General discussion

SS and Medicare

Because of the multiple subthreads elsewhere with animosity already rampant, I decided to ask this in a new thread. I think most realize that SS, medicare/medicaid and the military compromise a huge part of our budget and any attempt at large budget reduction is going to include cut backs in these areas.

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Not specific to your list but I'd like to see SS withholding

dealt with honestly. One's employer's share isn't free money. It's money in lieu of what could be salary. If employers are required to set aside retirement funding, there should be options. I'd allow the employee to decide where that money should go. It could go into the SS plan as it does now or it could go into some qualified IRA or even the employer's 401k plan if such exists. Any financial planner will tell you to develop multiple sources of potential income. In most cases, social security should be considered as supplemental income and not relied on as the majority of it.

I might consider abolishing any plan that's offered as tax deferred. These can be a trap and one can end up paying more in taxes later than they'd pay by having the income taxed now.

As to question 4 about means testing...SS should not be a gamble like term or some life annuity plans. If you pay the money into something, you should get a fair return

As for SS and medicare, it would make sense to have the ages of full eligibility match.

The question about using extreme measures for long shot cures is a tough one but it's my opinion that we need to be realistic here. We're all going to die and, when we do, it provides space for someone else. There's nothing rational about wanting to cling to a life that cannot be enjoyed. What we need to consider when we have to make tough decisions is just whose suffering is it that we want to allay. Usually it's our own pain that bothers us most if we really are honest with ourselves.

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Your point of future tax rats

has been raised in things I've read. It's generally assumed that you'll probably have a lower income when you retire than while working and thus will be in a lower bracket.

However, historically taxes average upward, so that may not be true, especially for someone saving while young. And most of what I've recommend mixing tax deferred and tax paid savings. If they don't monkey with it's setup in a later time, Roth IRA's may appeal to people of that mindset. You pay taxes on what you put in when you earn it, but never pay taxes on the interest.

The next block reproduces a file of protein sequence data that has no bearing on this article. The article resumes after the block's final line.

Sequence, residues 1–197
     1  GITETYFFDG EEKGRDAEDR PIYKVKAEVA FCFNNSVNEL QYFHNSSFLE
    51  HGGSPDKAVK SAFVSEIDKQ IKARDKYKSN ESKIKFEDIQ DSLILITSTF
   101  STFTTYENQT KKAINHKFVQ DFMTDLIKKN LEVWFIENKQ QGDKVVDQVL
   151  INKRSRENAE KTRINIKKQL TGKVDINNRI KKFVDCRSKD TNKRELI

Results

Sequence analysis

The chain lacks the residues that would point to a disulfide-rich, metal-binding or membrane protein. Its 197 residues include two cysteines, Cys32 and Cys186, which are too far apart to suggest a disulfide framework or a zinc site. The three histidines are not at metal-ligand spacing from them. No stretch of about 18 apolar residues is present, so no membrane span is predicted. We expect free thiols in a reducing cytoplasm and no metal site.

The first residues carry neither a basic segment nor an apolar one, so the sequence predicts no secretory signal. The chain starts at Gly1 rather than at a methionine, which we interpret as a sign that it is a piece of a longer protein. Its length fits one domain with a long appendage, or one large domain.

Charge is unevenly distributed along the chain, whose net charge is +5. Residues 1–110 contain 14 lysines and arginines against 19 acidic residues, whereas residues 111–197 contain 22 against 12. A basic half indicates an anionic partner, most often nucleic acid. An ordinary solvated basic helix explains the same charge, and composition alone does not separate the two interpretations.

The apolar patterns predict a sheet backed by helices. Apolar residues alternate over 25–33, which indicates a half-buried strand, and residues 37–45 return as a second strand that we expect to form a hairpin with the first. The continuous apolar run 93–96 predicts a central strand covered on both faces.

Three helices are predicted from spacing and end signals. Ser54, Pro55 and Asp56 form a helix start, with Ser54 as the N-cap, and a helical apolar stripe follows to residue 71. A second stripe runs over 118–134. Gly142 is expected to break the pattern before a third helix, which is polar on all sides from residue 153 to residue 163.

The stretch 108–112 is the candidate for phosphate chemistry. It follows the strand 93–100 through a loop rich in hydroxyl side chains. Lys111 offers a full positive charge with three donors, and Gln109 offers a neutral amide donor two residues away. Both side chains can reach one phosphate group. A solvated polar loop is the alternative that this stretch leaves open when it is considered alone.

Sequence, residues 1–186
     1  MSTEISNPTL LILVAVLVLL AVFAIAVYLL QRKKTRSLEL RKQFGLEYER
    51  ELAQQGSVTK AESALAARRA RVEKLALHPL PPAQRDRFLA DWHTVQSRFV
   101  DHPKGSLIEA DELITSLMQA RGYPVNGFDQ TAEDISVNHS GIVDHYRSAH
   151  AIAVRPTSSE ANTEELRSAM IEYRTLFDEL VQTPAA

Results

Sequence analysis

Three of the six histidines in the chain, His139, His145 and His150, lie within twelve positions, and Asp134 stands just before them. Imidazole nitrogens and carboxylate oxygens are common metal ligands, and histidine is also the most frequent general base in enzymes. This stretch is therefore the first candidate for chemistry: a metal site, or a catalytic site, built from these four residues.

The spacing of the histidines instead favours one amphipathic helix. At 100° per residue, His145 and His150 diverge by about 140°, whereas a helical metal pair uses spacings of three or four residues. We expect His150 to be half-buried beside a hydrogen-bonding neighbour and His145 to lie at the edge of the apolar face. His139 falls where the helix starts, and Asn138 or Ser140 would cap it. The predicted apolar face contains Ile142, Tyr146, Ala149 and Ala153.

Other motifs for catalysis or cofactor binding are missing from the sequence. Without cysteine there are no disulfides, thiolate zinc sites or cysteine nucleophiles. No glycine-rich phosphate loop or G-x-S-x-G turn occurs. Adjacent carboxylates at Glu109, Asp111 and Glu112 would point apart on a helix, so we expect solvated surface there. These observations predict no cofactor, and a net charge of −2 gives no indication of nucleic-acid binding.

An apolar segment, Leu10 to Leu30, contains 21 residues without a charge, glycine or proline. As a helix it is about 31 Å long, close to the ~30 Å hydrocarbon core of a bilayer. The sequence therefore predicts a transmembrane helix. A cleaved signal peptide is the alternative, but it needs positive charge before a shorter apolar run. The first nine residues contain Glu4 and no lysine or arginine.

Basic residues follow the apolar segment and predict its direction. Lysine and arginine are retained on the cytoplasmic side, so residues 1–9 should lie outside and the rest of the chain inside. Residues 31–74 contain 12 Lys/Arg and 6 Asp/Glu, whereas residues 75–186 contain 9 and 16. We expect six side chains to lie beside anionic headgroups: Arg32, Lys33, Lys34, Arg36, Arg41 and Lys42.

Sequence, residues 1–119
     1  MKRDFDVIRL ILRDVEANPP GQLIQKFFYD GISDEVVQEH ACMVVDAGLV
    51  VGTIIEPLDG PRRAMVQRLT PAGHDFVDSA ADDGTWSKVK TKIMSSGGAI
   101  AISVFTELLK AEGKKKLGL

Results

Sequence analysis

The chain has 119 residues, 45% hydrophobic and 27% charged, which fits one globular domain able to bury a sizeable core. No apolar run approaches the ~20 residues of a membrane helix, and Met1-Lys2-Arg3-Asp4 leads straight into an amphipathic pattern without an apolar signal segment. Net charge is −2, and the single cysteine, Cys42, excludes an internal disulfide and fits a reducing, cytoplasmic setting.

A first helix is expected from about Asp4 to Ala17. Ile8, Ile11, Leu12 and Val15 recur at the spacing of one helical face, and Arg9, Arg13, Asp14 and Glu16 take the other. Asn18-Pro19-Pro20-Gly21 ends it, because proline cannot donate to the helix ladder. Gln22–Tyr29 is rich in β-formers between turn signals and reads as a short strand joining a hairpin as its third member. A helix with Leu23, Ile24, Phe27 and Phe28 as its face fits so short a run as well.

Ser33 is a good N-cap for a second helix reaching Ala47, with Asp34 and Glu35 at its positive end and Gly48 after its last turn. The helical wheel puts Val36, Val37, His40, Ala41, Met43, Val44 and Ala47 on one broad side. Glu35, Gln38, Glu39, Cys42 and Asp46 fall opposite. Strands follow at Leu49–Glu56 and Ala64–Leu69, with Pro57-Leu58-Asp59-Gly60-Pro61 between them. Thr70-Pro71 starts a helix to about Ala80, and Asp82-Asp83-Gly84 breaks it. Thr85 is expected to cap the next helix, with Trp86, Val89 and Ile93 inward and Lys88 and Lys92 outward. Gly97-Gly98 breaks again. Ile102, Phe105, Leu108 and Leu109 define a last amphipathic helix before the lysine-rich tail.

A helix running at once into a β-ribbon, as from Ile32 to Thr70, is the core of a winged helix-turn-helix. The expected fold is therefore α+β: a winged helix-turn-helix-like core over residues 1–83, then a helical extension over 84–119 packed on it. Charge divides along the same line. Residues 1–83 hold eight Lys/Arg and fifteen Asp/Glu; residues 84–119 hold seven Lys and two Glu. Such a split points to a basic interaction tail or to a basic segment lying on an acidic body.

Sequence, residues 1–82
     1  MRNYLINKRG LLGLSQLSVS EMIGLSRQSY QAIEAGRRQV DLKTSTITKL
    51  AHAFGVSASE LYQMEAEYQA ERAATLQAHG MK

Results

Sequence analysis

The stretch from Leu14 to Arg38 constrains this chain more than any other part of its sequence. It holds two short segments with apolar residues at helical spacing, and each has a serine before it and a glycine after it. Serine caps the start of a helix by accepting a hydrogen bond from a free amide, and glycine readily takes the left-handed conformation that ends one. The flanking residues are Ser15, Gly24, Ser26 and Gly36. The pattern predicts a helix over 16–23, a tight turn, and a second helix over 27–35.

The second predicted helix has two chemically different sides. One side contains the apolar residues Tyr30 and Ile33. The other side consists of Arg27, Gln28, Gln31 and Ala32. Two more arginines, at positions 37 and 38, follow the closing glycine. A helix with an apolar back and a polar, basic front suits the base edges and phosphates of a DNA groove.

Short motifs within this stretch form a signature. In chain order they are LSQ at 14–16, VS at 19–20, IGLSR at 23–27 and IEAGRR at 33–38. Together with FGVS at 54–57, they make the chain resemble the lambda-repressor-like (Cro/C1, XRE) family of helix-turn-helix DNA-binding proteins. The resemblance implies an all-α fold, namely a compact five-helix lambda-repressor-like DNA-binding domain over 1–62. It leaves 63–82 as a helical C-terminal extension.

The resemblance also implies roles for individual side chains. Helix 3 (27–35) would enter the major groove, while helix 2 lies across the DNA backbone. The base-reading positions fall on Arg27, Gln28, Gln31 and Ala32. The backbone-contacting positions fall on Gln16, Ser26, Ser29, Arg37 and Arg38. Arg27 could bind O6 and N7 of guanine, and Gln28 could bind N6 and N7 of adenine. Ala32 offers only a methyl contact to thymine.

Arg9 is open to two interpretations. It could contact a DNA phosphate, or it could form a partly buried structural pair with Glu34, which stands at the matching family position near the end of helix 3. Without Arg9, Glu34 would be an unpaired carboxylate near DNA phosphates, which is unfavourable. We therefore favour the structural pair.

But you do get to earn interest or dividends etc on what you would have paid in taxes if it wasn't tax deferred. I think it's probably at least some more with tax deferred accounts in the end as it would be with tax paid monies invested at approximately the same return. Just don't believe you won't have to pay much when you do spend it. Unfortunately I'm not that smart at high finance obviously or I'd be rich.

The fairness of means testing does seem doubtful. I guess one question I didn't raise was should the cap on what you pay SS taxes on be raised. Again, that would seem to be an unfair move to many, since those making over the limit (currently 106,800) would pay more without a corresponding increase in payout.

I guess it a lot of it boils down to if you want to leave it up to the individual to provide for himself and if he doesn't you're wiling to let him suffer the full consequences up to death even.

The extreme measures is a real sticking point for most people. They don't like to figure life, disability, or death on a cost verses benefit basis. It seems too cold or callous. It's done anyway under a lot of different disguises, but people don't like to have it put to them in plain terms so they have to face the decision and it's consequences.

The medicare and SS age difference does surprise me, but then the age increase was put into effect in 1983 and perhaps they didn't forsee medical cost increases would be what they have. Since retiring at 65 instead of whatever your full retirement age is still gives most people over 90% of full SS, as long as Medicare is 65 that is still going to be a lot of people's retirement age.

And honestly there is a problem that for physically demanding work, working older is a much more difficult option if an option at all. I work with a man who is 67 and still at work because he rather work. I'm amazed at how well he does get along, heck he probably does better than me in many ways and I'm 20 years younger. But I've worked with others that at 60 could barely physically get their work done. Frankly, given my obesity problem (my responsibility I know) I have doubts I'll be as fit at 67 as he will, and I'm suppose to work until 66 anyway to draw full SS. (I still hopeful that my other savings will allow me to stop by 65 or even before that time.)

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The idea of deferring the tax until later thinking you'll